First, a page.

This offer was accepted by 52% of the company's shareholders. Last week the board recommended to the remainder that they should accept the offer.
Theakston, who is 52, feels he is too young to retire. He said: "I'm going to take six to 12 months off. I don't want to rush into things – I've only had one three-week holiday in the past 30 years."
Theakston added that he would consider returning to housebuilding: "It's a possibility. After all, it's what I've done for the past 18 years."
The Swan Hill board was angered by the speed of Raven Mount's hostile takeover bid. Less than 24 hours after it made its offer, it had received the irrevocable backing of four institutional investors holding more than half of Swan Hill's shares.
Raven Mount's coup succeeded because it convinced the investors that they could get greater value out of the company than the incumbent management. The firm had been struggling with the downturn in the South-east housing market.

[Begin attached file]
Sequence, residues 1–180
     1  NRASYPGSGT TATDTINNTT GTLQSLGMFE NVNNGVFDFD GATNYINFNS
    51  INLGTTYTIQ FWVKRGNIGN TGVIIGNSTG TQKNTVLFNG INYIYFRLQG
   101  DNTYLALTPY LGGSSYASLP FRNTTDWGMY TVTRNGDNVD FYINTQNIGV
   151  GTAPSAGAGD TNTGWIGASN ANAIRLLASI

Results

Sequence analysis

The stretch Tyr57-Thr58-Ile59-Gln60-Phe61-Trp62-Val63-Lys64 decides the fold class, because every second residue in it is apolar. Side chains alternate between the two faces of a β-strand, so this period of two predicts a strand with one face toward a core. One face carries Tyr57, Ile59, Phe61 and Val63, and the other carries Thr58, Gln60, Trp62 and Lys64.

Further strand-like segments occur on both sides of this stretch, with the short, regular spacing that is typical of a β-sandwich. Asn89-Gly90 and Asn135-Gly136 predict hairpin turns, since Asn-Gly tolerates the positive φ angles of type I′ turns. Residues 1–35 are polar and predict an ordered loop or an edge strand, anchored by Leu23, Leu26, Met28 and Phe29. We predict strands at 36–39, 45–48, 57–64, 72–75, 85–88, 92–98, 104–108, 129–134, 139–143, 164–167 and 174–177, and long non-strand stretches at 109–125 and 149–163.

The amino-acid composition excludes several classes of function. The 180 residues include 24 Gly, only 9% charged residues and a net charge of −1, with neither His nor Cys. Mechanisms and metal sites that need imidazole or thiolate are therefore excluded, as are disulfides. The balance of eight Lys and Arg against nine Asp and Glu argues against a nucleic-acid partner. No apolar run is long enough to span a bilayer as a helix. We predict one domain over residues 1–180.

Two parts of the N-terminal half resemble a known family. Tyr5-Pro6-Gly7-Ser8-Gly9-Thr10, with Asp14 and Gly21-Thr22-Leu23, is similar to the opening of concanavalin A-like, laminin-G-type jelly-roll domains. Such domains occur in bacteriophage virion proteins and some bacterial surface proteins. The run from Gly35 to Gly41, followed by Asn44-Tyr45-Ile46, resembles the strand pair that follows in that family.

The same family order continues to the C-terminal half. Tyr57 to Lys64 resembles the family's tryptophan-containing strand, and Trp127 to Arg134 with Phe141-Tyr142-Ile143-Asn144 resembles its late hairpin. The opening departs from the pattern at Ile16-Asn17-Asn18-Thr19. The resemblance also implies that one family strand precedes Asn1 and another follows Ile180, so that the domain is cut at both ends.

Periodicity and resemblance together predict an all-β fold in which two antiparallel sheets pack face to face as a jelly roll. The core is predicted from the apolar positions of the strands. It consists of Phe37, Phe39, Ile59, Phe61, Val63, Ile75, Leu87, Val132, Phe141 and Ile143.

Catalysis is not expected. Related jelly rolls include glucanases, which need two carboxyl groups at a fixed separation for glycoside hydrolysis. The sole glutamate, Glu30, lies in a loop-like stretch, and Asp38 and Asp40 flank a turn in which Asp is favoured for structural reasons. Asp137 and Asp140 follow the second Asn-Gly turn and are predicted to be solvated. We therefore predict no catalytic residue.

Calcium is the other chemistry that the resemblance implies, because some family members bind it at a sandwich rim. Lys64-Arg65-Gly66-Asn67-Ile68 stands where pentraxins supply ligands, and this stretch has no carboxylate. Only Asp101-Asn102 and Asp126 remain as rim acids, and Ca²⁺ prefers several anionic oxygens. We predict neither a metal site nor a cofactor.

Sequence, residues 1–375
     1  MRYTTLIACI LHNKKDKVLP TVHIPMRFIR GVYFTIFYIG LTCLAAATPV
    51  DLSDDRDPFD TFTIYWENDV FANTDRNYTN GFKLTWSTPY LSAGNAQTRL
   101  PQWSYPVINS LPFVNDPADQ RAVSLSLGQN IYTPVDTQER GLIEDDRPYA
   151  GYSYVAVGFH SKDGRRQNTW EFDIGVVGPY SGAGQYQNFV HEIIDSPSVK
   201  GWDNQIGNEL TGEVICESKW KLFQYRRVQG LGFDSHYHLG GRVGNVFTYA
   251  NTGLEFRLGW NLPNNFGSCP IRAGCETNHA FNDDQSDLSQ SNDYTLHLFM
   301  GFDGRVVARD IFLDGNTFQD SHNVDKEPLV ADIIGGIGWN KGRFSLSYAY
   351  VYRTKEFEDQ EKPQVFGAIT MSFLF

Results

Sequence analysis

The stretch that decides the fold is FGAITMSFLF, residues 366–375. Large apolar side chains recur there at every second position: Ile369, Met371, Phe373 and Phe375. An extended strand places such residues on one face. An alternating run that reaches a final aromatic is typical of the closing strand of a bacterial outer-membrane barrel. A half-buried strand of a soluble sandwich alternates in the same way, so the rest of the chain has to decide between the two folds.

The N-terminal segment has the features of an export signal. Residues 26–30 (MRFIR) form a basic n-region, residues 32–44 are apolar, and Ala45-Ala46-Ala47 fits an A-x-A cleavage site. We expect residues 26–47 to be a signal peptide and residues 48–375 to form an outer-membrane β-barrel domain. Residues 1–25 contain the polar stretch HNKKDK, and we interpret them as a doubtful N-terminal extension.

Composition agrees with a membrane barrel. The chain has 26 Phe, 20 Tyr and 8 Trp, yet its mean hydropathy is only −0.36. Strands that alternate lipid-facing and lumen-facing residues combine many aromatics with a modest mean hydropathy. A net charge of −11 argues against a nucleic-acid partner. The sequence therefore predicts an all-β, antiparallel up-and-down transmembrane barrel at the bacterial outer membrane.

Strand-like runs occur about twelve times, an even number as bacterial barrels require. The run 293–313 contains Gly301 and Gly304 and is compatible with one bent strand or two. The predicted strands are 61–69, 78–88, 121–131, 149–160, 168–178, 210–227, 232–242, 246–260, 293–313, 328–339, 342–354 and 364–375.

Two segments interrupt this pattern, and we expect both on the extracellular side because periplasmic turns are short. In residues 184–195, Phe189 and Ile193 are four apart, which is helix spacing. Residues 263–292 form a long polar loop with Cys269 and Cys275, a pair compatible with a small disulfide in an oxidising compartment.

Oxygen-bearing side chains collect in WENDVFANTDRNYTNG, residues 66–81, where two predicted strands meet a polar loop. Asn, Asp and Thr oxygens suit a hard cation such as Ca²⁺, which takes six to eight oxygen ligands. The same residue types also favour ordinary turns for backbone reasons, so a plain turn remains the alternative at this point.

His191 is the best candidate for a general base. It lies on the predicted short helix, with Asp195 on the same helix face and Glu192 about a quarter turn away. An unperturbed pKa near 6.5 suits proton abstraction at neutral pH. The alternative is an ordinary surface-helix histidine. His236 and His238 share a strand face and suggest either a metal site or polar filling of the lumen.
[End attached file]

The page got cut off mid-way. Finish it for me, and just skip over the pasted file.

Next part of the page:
In a statement, Swan Hill said: "The board is disappointed that four Swan Hill shareholders accepted the offer on the day following its announcement, before the board and management of Swan Hill had an opportunity to explore alternative routes, including alternative offers, which may have created greater value and certainty for all Swan Hill shareholders."
The bid, led by residential property entrepreneur Anton Bilton, will mean the company's name will become Raven Mount, and it will be moved from the stock exchange to the alternative investment market. An AIM listing would mean that the company would be under less regulatory pressure than if it retained its listing on the stock exchange.
Swan Hill released a trading statement last week. It said that the full-year results would be "significantly below" its 2002 figures.
The statement added: "The premium housing market has remained difficult within Swan Hill's areas of operation, with sales and trading falling below the board's earlier expectations."